Lord Burleigh


Bacon in his Apothegms relates that "his uncle, Lord Treasurer Burleigh, used to say, when laying aside his official robe at the close of his day's work, "Lie there, Lord Treasurer."
The Apothegms were not published until twenty years after Shakesper's death, yet we find in the play "The Tempest," first published in 1623 (seven years after Shaksper's death) in the First Folio, the following:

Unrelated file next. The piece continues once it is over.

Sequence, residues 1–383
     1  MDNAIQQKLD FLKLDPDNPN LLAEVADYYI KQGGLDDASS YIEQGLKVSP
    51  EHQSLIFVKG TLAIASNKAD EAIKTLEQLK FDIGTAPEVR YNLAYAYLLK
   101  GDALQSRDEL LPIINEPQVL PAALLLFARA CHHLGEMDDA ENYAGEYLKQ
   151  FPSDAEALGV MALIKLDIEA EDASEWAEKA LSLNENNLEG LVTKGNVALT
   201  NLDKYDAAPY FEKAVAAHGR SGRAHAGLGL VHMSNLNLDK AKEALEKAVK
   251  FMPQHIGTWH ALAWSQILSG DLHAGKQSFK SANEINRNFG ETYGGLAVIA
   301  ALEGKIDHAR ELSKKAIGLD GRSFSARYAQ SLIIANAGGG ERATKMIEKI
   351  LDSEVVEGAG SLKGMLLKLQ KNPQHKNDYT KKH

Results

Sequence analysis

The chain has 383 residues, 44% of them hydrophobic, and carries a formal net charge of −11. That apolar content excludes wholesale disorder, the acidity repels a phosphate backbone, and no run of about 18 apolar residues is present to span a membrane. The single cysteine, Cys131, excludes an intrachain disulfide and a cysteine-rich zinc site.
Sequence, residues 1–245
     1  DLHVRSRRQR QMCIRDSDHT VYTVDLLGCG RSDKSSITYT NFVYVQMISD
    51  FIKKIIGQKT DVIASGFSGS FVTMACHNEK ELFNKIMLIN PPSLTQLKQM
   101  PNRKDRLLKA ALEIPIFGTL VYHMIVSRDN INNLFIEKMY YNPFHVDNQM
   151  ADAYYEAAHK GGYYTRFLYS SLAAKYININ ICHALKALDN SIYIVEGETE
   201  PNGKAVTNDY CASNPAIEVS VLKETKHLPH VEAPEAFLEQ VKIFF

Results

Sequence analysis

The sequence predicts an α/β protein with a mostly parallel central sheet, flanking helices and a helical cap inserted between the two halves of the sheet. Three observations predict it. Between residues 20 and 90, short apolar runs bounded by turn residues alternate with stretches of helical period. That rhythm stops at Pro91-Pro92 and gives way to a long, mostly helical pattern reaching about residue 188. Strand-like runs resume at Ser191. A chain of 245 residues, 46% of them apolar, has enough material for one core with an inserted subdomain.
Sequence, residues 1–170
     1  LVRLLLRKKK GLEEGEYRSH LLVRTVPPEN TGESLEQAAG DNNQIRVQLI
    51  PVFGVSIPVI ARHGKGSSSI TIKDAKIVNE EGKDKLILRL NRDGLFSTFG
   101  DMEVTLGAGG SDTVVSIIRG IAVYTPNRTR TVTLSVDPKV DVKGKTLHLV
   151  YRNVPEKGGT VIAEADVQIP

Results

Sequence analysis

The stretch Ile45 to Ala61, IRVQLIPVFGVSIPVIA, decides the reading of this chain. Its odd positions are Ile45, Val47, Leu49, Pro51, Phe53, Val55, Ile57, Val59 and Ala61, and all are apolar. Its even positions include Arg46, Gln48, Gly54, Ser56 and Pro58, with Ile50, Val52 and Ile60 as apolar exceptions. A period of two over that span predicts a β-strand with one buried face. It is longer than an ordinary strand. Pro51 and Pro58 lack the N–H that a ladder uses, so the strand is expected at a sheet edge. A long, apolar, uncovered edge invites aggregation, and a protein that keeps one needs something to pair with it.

"Lend thy hand and pluck my magick garment from me--so;

(Lays down his mantle).
Lye there my Art!"
(Act 1, Scene 2).

Is this a coincidence? or is it Bacon adopting the anecdote of his uncle for the purpose of his play?


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